Seemingly within moments of Island Governor Jonathan Johnson announcing a mandatory two-week lock-down in response to Saba’s first confirmed case of coronavirus COVID-19, many persons descended on the only remaining grocery store to buy groceries and supplies.
Johnson’s announcement was circulated on WhatsApp and was posted on Saba government’s Facebook page around 8:00pm Saturday. Although the lock-down took effect at 12:00am Sunday, the governor’s address did not mention food supplies or deliveries.
At that time, the only store still open was a small Chinese grocery store located on Thais Hill Road in The Bottom.
One shopper said there were about five persons in the store when they were there around 8:15pm. Then suddenly, the small grocery store was inundated with shoppers looking for last-minute items. “[We – Ed.] couldn’t even walk in the store. All within minutes … we saw the lines of people coming,” the person said.
Two officers of the Caribbean Netherlands Police Force KPCN arrived shortly after that. Sources say the officers told the crowd that there were too many persons inside the store and if persons did not come out of the store and adhere to social distancing, the store would have to be closed.
This pronouncement aggravated some of the shoppers, who proceeded to offer curt words of protest to the officers, asserting their need to buy food. Despite the slight unrest, persons cooperated and formed a long line outside the store.
The multitude of shoppers caused several persons to be momentarily trapped, as their cars were blocked in by arriving persons. It was said that the line of parked cars stretched up the street and around the corner.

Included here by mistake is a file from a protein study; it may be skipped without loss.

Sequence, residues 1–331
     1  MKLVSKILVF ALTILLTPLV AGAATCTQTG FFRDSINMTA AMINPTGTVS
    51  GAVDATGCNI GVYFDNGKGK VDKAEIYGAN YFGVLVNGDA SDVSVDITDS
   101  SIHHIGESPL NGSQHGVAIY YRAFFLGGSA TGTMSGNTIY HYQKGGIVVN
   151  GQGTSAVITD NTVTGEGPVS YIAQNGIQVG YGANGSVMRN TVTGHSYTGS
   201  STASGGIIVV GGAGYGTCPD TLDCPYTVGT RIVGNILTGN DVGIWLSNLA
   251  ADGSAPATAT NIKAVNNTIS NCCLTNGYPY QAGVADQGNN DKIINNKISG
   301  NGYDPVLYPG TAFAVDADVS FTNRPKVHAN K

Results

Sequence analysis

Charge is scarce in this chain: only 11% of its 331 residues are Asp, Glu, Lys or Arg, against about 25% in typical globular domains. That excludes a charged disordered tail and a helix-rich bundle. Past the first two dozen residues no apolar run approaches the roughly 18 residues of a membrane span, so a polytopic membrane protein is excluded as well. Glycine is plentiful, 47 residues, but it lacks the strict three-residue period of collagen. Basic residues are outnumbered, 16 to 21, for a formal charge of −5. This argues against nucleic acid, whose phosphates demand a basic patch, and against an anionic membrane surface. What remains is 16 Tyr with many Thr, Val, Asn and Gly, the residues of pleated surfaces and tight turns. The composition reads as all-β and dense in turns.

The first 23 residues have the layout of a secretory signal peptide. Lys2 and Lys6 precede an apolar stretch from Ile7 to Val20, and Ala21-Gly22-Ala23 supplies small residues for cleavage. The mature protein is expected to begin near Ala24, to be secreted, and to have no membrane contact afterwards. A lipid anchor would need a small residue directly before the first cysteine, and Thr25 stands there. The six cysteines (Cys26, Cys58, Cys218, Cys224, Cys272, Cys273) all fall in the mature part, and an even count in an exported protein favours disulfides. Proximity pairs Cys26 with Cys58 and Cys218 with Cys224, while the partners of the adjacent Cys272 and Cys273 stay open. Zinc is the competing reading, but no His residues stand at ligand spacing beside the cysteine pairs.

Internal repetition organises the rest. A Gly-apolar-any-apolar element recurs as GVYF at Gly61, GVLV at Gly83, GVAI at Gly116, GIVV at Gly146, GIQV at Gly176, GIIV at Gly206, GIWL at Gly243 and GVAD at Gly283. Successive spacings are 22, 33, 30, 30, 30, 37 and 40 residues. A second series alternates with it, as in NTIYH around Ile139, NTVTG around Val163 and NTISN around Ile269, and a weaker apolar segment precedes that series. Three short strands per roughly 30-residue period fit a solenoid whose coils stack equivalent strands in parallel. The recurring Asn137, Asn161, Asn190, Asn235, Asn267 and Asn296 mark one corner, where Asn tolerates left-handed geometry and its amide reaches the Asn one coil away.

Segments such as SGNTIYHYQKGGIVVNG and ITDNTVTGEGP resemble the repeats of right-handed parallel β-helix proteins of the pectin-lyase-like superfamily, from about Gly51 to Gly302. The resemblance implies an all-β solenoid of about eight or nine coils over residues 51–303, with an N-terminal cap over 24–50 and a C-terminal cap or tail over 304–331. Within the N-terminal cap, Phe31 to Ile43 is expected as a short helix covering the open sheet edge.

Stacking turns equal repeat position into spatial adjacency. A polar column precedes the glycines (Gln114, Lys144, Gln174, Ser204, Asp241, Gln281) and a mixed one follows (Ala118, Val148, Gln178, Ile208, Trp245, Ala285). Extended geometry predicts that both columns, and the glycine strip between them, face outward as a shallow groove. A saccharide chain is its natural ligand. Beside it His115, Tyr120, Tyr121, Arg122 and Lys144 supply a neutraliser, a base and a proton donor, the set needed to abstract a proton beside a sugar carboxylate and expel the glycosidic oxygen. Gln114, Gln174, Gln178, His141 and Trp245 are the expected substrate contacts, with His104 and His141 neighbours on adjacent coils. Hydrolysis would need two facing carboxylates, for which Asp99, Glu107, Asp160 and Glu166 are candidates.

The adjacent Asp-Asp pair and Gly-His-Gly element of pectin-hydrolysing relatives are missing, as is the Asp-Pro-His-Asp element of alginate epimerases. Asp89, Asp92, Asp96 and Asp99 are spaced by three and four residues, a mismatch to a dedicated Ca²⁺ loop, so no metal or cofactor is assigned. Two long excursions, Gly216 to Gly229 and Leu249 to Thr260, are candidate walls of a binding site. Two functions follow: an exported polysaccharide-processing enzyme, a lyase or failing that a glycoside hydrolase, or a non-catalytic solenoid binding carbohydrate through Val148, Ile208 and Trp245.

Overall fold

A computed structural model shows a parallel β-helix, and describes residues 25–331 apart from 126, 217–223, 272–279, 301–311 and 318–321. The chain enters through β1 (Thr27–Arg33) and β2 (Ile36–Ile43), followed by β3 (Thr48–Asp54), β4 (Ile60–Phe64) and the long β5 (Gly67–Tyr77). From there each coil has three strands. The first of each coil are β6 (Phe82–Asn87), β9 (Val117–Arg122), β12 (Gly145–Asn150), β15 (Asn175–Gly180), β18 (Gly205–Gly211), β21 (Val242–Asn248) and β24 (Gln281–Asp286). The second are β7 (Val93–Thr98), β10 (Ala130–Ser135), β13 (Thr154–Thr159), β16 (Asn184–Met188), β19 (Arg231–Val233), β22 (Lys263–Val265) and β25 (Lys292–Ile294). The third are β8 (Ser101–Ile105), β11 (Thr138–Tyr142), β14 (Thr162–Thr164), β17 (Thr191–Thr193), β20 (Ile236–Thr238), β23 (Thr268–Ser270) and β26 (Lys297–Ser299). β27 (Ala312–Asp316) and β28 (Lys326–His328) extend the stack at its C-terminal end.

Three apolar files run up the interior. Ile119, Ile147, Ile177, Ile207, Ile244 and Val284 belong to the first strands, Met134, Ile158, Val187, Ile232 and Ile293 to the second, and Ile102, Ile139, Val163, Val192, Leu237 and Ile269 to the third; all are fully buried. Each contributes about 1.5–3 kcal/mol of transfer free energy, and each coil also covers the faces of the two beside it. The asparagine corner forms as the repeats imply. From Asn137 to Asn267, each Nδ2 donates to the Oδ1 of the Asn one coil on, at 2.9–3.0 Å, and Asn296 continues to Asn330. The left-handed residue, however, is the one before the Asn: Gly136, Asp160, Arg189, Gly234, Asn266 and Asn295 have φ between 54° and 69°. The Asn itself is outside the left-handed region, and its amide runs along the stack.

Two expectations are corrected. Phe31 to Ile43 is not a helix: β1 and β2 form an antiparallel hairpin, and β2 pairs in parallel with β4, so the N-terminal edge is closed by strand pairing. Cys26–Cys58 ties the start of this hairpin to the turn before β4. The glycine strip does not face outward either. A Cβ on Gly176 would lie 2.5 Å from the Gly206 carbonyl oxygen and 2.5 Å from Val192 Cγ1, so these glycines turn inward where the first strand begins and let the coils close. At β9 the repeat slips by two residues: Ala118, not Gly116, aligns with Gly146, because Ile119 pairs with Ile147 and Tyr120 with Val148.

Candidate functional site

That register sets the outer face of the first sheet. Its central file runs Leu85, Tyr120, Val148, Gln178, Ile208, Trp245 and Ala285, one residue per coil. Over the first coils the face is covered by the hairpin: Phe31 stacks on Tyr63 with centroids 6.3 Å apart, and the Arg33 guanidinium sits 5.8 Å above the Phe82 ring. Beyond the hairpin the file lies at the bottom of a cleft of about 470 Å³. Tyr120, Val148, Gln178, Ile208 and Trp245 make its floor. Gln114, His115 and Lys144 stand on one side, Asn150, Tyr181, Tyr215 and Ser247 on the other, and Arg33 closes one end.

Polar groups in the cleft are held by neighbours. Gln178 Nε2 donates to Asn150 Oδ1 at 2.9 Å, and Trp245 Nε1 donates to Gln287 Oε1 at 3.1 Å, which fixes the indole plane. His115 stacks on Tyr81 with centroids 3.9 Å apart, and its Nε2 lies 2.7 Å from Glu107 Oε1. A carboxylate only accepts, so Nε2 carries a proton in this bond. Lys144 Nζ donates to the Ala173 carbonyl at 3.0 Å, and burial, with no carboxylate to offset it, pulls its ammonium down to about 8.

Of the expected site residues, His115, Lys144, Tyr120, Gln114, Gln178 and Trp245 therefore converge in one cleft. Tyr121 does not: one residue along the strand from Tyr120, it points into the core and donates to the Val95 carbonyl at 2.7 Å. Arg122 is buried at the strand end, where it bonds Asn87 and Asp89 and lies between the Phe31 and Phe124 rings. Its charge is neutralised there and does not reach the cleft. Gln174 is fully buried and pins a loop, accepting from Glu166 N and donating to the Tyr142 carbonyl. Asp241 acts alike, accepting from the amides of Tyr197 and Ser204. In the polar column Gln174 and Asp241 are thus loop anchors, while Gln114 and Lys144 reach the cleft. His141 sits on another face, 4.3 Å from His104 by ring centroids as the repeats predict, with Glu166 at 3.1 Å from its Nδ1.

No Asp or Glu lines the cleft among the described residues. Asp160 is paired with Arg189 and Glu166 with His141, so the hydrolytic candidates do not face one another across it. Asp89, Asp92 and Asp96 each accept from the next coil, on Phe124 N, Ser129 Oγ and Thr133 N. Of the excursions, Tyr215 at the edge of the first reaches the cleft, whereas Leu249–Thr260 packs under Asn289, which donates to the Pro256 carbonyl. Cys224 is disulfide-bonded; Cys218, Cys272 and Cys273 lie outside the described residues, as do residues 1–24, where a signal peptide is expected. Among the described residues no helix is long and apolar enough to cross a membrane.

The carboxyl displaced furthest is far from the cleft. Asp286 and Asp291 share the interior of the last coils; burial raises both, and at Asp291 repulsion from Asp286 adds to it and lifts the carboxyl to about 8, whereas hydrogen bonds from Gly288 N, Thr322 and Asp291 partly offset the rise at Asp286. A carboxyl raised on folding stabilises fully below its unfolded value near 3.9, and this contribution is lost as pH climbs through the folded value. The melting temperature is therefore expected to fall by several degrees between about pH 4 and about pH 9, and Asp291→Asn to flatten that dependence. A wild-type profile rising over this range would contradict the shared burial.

The chaos even brought out Saba Police Chief Wingrove Baker, who was reportedly assisting to regulate the queue of shoppers, allowing only one member per family into the store at a time.
By 9:00pm, the regular closing time of the grocery store, many persons were still in line. Sources say shortly afterward other officers arrived at the scene and ordered the queued persons to go home.
This did not sit well with several of the persons who, by that time, did not get a chance to purchase food. Sources say several persons exchanged harsh words with the officers and things seemed to be getting tense. However, police conceded and allowed those in line to buy groceries. It was reported that the last person did not finish shopping until shortly after 10:00pm.
Around 10:00pm, the Saba government addressed the island’s food supply in a Facebook post: “We would like to clarify that food supplies and cargo are included in one of the vital services. Because they are, we are working on a plan to ensure that these services continue during the next weeks. Therefore, we encourage people to not panic at this moment about the possibility of food supply. Tomorrow [Sunday] we will bring forward the plan which will outline how this will occur.”
As of 7:00pm Sunday, the Saba government has yet to release the plan.
The Daily Herald.